Private Sub SaveSong_Click()
In this simple example, a Save button has been placed on the form that simply calls the save record command. The possibilities are huge here, so refer to Pseudo Object Oriented Programming article for details on how to get started.
Grouping Controls – Tabs vs. Sub-Forms
This little bugger was my favorite in Access 2003 for its simplicity. Individual tabs can be shown or hidden, and controls can be placed on any individual tab. You can then re-order them, re-name them and take actions when the tabs are changed. There’s only one major oversight… these do not allow anchoring. That’s a deal breaker for me so I had to come up with another solution.
Subforms can be used to display a form within a form. These do support anchoring and can therefore be sized to take advantage of the whole screen. They can also be related to the parent form data and automatically change based on the selected parent record. The real magic is in changing the subform source based on user input on the parent form. In Access 2010, Microsoft introduced a Navigation Form for this purpose. As far as I can tell, it’s simply a pre-canned version of what I’m telling you about now. My method involves the use of toggle buttons inside an option group, a subform, and some Visual Basic code.
Here we have an option group called SubSelect and a subform called SubDisplay. Now you can add however many buttons you want and change the subform displayed based on the button hit using this code:
Private Sub SubSelect_AfterUpdate()
Select Case Me.SubSelect
Me.SubDisplay.SourceObject = “Sub-Song Notes”
Me. SubDisplay.SourceObject = “Sub-Set Lists”
Me. SubDisplay.SourceObject = “Sub-Song List”
If you want to disallow a particular button for a user, simply disable or hide the button and the user cannot navigate to activate that subform. One important consideration: if you have a parent child relationship setup in the Link Master and Link Child Fields properties, make sure all selectable subforms have those same field names on them.
Locking up the Interface
Now you’ve spent all this time presenting your users with pretty forms to work with, you’ve made sure all these criteria are met and want to present your database as if it were a full blown standalone application:
- All tasks users require are available with buttons and other navigation controls
- All potential queries and reports are included and can be run with buttons or controls
Now some know it all opens your system and uses the navigation pane to screw up your master queries or overwriting and deleting records, resulting in everyone freaking out. What can you do?… You can make it difficult for them to get to those parts of the database.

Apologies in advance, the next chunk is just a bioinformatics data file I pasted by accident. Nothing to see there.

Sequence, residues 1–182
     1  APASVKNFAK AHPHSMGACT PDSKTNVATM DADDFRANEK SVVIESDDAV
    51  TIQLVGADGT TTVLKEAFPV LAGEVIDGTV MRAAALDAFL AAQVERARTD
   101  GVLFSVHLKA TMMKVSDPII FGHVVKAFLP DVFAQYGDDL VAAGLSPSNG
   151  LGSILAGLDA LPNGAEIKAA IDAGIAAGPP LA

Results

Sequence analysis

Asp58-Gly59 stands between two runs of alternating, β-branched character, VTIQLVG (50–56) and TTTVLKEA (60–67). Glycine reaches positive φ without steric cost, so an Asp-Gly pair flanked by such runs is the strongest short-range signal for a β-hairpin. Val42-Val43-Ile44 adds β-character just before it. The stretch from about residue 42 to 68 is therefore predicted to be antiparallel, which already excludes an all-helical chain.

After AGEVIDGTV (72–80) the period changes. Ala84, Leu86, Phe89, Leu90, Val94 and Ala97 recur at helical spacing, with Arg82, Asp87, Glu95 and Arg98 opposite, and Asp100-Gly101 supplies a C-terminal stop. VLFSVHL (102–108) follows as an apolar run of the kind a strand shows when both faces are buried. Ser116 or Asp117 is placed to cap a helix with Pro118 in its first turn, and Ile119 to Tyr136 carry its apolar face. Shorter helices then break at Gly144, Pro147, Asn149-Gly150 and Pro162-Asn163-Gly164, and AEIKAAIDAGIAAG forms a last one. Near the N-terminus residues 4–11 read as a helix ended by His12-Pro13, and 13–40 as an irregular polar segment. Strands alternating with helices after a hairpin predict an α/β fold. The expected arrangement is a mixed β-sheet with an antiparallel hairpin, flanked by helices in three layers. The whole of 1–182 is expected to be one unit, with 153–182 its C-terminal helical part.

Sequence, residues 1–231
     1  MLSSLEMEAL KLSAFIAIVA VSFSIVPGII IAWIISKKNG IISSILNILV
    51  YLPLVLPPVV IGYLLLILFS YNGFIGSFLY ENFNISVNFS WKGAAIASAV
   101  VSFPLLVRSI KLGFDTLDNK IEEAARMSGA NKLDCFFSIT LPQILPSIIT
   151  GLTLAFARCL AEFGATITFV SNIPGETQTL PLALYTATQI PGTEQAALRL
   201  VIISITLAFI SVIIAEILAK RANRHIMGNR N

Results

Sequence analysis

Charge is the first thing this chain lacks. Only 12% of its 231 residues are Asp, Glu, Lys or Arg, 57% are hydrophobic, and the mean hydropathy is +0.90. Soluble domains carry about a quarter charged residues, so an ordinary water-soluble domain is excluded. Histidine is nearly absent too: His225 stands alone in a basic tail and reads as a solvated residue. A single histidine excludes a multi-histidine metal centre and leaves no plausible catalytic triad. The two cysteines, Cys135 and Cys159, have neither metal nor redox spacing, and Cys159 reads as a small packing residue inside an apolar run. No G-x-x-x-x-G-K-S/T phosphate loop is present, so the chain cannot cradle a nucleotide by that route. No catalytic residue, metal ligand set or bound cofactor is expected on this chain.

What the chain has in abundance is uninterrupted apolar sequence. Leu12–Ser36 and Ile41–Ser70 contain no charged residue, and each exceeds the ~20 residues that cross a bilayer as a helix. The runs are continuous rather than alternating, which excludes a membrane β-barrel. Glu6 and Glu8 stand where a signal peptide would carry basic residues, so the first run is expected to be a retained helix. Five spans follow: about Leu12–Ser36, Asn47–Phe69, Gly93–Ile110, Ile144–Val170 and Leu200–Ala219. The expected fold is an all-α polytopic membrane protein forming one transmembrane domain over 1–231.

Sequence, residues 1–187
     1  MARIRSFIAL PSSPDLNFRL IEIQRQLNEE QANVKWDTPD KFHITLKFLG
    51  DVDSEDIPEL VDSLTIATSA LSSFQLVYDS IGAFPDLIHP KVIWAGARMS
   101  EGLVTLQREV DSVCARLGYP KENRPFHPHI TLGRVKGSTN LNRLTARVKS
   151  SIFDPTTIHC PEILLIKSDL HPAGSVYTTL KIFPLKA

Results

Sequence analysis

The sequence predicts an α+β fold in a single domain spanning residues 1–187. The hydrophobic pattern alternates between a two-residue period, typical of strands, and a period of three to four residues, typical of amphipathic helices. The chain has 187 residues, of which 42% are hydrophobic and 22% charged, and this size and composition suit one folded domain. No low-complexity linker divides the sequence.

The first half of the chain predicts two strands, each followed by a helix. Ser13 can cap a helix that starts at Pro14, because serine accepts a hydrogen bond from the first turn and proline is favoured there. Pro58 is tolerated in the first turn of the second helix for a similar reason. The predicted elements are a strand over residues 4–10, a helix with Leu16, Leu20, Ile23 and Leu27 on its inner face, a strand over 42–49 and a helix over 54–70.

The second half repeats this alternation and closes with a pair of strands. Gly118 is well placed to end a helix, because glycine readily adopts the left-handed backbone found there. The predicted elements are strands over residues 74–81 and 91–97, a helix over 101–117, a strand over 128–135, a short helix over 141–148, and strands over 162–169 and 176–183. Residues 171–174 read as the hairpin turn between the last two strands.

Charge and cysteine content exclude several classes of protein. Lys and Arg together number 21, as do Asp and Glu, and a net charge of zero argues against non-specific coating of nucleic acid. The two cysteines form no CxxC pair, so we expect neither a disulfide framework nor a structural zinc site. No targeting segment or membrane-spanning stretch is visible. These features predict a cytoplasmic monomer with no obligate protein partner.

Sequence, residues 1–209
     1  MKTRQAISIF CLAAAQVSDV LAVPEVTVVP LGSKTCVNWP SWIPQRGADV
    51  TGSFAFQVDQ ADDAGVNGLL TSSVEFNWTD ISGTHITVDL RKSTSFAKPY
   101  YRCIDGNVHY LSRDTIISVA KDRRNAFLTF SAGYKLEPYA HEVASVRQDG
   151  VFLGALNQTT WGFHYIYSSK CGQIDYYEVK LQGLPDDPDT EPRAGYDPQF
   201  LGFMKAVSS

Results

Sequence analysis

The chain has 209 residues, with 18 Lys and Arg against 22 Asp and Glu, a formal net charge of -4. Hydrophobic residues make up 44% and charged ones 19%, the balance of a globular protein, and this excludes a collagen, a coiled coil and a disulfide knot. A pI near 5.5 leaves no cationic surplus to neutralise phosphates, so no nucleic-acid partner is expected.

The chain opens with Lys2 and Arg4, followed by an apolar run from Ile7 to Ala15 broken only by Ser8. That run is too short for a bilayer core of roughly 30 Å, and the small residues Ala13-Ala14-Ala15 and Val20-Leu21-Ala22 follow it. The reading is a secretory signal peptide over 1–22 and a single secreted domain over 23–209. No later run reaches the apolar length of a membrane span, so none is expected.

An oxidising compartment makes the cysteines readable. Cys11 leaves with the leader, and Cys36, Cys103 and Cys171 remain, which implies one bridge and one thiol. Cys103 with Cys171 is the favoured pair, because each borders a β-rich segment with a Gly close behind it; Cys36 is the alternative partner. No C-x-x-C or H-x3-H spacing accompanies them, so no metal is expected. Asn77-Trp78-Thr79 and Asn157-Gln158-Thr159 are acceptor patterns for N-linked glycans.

- Application Title – This is what is displayed on the title bar for the window and in the task bar. Change it to make sense
- Display Form – Set this to open a particular form when the application is started, typically your main navigation screen
- Use Access Special Keys – This can stop the user from hitting F11 and seeing the Navigation Pane, or Alt+F11 for the VB editor (it also stops you from using those keys)
- Display Navigation Pane – This one chooses whether the navigation pane is even visible at startup, you’ll definitely want to disable this one
Generally, changing these settings will stop the majority of users from fiddling with your database, especially if you’ve taken proper care of your forms and made them easy to use. Of course there’s still the possibility they’ll be holding the shift key down while running the application, stopping all your startup options and showing them a blank screen with a navigation pane. To stop that, we’ll have to work a little harder, which is the subject for a follow up article… stay tuned!
Optimizing and Improving
The best way to find out what works and doesn’t is to use your database yourself. You’ll learn pretty quickly what layout and navigation decisions made no sense after you use them a million times. Keep using them, and changing them as you go. But when you do… make sure you’re saving backups and doing some version control. If the database isn’t something you’re using yourself, make sure you get constant feedback from your users. If you don’t take care of their concerns, they’ll work around them in unexpected ways… probably without telling you.